• shameyshamey Posts: 7
    shamey wrote:
    AMcD wrote:
    Hi Shamey,

    I've been off the bike for about 15 years too - before that I commuted every day, cycled to my running club, ran, cycled home, cycled to the shops etc etc. If I wasn't cycling somewhere I was running. Then I stopped running due to injury, bought a car for my new job .......... and the result is 15 years of piling on the pounds :D .

    One thing I did learn was to listen to my body, have rest days, and pace myself so hopefully there's little chance of me 'toasting meself" in training :wink: . Also, whilst commuting another cyclist told me not to push the high gears too as you suggest. Most hills I'm on my granny ring and never climb out of the saddle :wink:.

    6 months on the bike and back to racing is quite an achievement. You must've been very single-minded to achieve that and good on yer. Did you quite smoking at the same time? Did the cycling help the cravings? Luckily I don't smoke, and wouldn't miss the drink but cutting out the cheese on toast and chocolate is my cross to bear :) .
    Yip gave up the fags but I was riding the bike and still having the more than occasional ciggy. i then thought?? why am i doing this?? stopped the fags all together and I could not belive what was happening to my body.I went from pot belly to six pack much to the mrs delight! I also improved my stamina by huge margins :wink: ,much to the mrs delight.lol.Honestly my freind,don't hurt yourself just now.Save that for later.I now ride fixed as my hack bike,that is the way to go once you have improved your fitness enough to be able to handle the demands that riding fixed has on you.And, on the subject of the granny ring.There is no shame in riding in the wee ring.You'll get fitter quicker riding a smaller gear than you will pushing a big one. you will also burn more calories.I love my cheese on toast and I love my chocolate eclairs.I just had to pass on them for a while.I can eat whatever I want now.Enjoy the bike.I'm now 42 and am fitter than i was when i was racing as a laddie.Back then I finished in the top 10 in the Meldons MTT.My very first event, against a full field including all the top riders in scotland,120 If I remember.Riding for Dunedin CC. Good luck and enjoy it. kind regards Shamey :D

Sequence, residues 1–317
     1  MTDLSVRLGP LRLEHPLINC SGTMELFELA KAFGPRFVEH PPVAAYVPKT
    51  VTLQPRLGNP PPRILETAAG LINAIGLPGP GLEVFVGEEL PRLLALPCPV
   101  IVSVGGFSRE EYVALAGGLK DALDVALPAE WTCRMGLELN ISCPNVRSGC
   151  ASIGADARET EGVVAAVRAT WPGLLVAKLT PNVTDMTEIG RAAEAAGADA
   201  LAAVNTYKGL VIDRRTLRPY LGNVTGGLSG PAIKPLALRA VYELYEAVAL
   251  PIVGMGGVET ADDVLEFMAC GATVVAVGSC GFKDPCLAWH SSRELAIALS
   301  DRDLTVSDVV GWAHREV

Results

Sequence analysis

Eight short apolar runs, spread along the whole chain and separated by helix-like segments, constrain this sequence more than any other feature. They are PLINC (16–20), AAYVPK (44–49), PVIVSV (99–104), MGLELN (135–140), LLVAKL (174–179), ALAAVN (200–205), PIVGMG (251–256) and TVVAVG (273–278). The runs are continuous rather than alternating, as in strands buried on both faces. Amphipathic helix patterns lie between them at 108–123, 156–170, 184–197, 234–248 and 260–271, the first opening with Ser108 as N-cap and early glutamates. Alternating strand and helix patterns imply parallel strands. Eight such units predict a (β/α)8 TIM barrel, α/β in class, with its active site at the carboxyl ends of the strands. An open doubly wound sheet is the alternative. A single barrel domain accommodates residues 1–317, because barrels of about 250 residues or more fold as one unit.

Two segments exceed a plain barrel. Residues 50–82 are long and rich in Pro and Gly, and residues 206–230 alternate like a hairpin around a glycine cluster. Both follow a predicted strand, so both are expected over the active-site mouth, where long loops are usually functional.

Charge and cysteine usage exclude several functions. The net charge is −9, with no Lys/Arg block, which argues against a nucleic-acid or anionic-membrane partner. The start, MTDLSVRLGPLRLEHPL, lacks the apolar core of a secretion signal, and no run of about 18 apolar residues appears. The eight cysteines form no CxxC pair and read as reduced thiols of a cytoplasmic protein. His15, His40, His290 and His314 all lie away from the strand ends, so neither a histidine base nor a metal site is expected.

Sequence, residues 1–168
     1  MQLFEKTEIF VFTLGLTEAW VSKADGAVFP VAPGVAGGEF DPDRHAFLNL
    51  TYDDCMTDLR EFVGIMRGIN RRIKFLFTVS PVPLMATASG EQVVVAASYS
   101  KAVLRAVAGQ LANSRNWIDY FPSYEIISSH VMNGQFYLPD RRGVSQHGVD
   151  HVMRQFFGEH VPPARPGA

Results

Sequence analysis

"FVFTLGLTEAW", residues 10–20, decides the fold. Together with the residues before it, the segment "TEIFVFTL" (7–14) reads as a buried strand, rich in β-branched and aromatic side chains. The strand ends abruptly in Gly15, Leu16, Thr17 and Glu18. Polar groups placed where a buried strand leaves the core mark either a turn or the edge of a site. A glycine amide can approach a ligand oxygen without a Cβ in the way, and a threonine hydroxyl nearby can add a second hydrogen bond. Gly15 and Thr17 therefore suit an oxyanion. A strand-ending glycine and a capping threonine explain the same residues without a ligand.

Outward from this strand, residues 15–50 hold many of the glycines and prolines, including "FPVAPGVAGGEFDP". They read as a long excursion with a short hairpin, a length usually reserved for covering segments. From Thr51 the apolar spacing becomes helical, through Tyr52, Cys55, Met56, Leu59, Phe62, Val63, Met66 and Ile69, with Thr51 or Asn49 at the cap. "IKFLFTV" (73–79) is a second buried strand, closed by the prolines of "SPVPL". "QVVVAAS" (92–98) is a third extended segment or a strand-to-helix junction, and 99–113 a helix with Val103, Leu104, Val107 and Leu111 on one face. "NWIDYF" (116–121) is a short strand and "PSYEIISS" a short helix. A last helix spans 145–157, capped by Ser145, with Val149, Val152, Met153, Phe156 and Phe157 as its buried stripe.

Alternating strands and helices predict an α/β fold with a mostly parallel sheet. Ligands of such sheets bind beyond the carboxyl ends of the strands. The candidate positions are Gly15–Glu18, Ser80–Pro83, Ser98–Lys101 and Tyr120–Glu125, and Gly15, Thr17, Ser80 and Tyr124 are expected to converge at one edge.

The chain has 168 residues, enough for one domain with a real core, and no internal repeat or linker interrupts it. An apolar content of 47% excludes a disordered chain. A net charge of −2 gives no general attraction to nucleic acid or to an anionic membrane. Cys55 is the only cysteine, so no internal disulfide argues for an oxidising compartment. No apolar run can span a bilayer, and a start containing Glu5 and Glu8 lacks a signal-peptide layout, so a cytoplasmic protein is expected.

What date is the gig in june?
  • AMcDAMcD Posts: 236
    Hi Shamey,

    Good on yer again! Just don't tire your Mrs out :D . I bet she's really proud of you. Must be a great feeling to get that fitness back, bet you'll be beating the young lads this time round.

    It's daft -when I ran and cycled I too could just eat what I wanted and don't really know why that logic evaded me for 15 years whilst I piled on the lbs! I'm 42 now too. I suppose it was just motivation I needed to get out on the bike consistently - and it's not easy trying to find cycling gear that fits and doesn't hug the curves too much :oops: .

    This morning I did another 10.5 miles - kept the gears lower than the last run, although I can't say I pushed it then either. I found it much easier until I hit the wind at the end, but don't have that exhausted feeling this time. Plan another 10 on Friday (can't wait to get out again) and next week will do the same. Think I'll start increasing my longer run on week 3 and add a fourth easy ride in week 5. Don't want to do too much too soon.